J. Future Transport Program

The cost of transporting the tag-makers with physical disabilities to the workshop to deliver their work is extremely expensive (70 to 80 GHS per round-trip). Fortunately, our seamstress lives in reasonable proximity to our tag-makers, and so a family member delivers them to her to bring to work with her in the morning. Transport is the most significant barrier facing persons with physical disabilities in Ghana according to our Portraits of Ability research project, and we seek to make an impact in this space in the future - perhaps first by solving the needs of our employees.

K. Lack of Logistical Sustainability in Using Mali Organic Cotton Supplier

While the Mali organic cotton supplier is cheaper than the imported India organic cotton, it still is not great for financial sustainability or logistical independence. Our goal is for the workshop to be 100% operationally independent of Matilda Flow Co. - other than our role in assessing impact, ensuring that best processes are followed, and placing orders of clothes and accessories to sustain the shop and raise funds for other impact projects. The Mali supplier required coordinating payment through Western Union outside of Ghana, which the leadership would have to submit in accordance with the workshop's schedule. Then, if shipping were delayed, the entire progress of the workshop could be stopped. In this way, importing the organic cotton from Mali is not a sustainable plan.

3) Financial Report

Expenses This Month: $1753.00

Workers: $902.24

Date: Cost (GHC): Cost (USD): Details:
10/5/16 600 103.90 Tailor (Advance on 800 GHS Total Payment)
10/10/16 120 30.00 Tag-Makers (24 Tags, 5 Cedis per Tag)
10/15/16 1000 250.00 Ruby Is Respectful Collection, Second Order
10/18/16 95 23.75 Tag-Makers (19 Tags, 5 Cedis per Tag)
10/28/16 145 36.25 Tag-Makers (29 Tags, 5 Cedis per Tag)
10/28/16 250 62.6 Guest Embroiderer (2 Cedis per Embroidered Item)
10/28/16 700 175.00 Seamstress
10/28/16 200 51.95 Tailor (Remainder of 800 GHS Total Payment)
10/28/16 225 56.25 Cloth-Maker (Half-Month)
11/15/16 450 112.50 Workshop Assistant

Materials: $579.64

Date: Cost (GHC): Cost (USD): Details:
10/7/16 40 10.39 Transport to Pick Up Organic Cotton Fabric Sample Shipped from Mali
10/18/16 135 33.75 Collection Fee for 100 Yards Fabric: 100, Carrier: 5, Transport: 30
10/22/16 840 210.00 Transfer #1 for 100 Meters Organic Cotton Fabric & Shipping from Mali
10/24/16 142 35.50 Colors (Red: 45, Brown: 45), Caustic Soda: 24, Hydrosulfate: 28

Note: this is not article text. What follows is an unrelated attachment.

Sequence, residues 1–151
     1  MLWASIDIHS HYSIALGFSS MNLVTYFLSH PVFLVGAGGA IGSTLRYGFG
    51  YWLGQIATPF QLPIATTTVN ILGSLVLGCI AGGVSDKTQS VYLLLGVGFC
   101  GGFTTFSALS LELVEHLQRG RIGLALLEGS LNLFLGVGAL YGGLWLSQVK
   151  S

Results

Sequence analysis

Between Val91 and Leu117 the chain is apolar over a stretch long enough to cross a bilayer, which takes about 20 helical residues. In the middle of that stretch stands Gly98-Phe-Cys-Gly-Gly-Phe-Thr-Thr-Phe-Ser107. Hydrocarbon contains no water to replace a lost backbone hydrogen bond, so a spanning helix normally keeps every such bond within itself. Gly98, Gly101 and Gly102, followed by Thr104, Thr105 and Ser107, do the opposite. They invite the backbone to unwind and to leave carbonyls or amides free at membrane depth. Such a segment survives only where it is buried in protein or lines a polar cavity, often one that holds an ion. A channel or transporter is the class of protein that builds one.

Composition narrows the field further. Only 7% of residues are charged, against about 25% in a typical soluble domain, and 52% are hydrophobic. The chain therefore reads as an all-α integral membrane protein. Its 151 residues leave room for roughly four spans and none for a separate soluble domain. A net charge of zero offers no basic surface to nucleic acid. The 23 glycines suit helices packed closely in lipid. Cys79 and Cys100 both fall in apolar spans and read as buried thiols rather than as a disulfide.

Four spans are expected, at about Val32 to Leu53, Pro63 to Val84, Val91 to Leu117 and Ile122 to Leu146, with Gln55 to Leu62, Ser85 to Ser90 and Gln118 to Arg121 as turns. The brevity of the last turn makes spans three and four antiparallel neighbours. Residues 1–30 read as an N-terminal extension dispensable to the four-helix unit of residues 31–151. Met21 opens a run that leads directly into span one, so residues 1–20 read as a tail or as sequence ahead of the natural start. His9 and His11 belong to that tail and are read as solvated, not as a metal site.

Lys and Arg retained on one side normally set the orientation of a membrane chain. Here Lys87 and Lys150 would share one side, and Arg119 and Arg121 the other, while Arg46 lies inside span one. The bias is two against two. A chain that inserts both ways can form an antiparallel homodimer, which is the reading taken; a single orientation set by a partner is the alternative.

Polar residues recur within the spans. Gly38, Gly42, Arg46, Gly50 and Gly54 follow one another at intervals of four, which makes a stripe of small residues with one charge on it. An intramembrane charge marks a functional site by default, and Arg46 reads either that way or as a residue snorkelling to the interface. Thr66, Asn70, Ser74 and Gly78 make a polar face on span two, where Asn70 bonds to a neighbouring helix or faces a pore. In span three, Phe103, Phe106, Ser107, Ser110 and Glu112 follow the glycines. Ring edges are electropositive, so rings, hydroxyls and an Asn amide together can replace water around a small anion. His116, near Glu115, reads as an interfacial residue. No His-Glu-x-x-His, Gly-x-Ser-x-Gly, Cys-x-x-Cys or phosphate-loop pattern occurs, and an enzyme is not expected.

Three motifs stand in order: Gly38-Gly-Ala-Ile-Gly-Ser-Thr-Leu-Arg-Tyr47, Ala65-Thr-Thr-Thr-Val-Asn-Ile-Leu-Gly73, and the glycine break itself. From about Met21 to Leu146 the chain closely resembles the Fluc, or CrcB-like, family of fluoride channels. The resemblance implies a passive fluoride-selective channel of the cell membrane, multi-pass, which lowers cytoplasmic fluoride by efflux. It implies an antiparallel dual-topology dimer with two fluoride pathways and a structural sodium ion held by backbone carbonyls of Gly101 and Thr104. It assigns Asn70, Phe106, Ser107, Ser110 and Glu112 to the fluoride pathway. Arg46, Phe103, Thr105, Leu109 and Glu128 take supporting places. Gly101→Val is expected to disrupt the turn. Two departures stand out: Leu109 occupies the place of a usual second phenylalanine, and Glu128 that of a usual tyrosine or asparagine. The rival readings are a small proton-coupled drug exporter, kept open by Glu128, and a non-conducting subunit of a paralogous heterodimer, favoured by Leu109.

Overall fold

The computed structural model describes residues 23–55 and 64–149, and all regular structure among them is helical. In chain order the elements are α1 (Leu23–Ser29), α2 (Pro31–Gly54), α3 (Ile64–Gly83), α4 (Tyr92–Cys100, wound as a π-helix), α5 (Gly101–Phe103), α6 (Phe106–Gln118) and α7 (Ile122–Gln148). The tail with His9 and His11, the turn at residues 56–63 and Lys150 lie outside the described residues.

11/2/16 1160 290.00 Transfer #2 for 100 Meters Organic Cotton Fabric & Shipping from Mali

Construction & Expansion: $61.25

Date: Cost (GHC): Cost (USD): Details:
10/13/16 150 37.50 10 Gallons Peanuts: 138, Half Bag Sugar: 85, Bags: 14, Knife: 10
10/15/16 95 23.75 Table: 45, Table-Top: 40, Transport: 10

Shipping Expenses: $219.85

Date: Cost (GHC): Cost (USD): Details:
10/7/16 115.00 29.87 Individual Order Posted by Ghana Post Shipping
10/14/16 112.30 29.17 Individual Order Posted by Ghana Post Shipping
10/23/16 207.40 13.48 Posting Ruby Is Respectful Collection - Shipment #2
10/28/16 405.00 112.50 Posting I Found the World Collection - Shipment #3

Sales This Month: $236.00

Summation of Activities This Month:

  • 7 workers employed
  • 100 yards of organic cotton ordered
  • 1 workshop bathroom completed
  • 6 sales, 4 distinct customers

Progress Since Launch: -$10,989.48

Matilda Flow Co. has been in progress for five months. Sales resumed on October 22 with a redesigned website and online store.

4) Interviews

No formal interviews were conducted this month.

5) Analysis

Financial Sustainability:

The project has incurred a loss of nearly $11,000 in operational and construction expenses since onset but started intensive sales efforts in October, which have been hampered by the founder of MFC being physically in Ghana with unreliable internet. A small expansion project was funded for Matilda Flow Enterprise to begin producing peanut cake and selling it on the roadside by the shop and at other small stands around town. Having the workshop develop alternative sources of income that can supplement its core tie-dye activities is viewed as a favorable step toward true financial sustainability of this project.

Environmental Sustainability:

Matilda Flow Co. is excited to introduce products made from cotton fabric grown and manufactured in Mali under organic, fair-trade conditions. Our old organic cotton was grown in India and then shipped to two different continents - once to the USA and then to Ghana. Reducing this shipping process improves our environmental sustainability.

Health-Related Sustainability:

Six of the seven of the workers at the workshop were healthy this month with no reported illnesses or missed work. One worker called in-sick with malaria, and she was given two-days off to visit the hospital and recover her strength. 

Social Impact:

Seven persons are working with Matilda Flow Enterprise - four of whom are persons with disabilities and two of whom are parents of children with disabilities. High quality, organic cotton clothes and accessories are being produced, encouraging consumers to buy sustainable, eco-friendly cloths rather than environmentally harmful fast-fashion.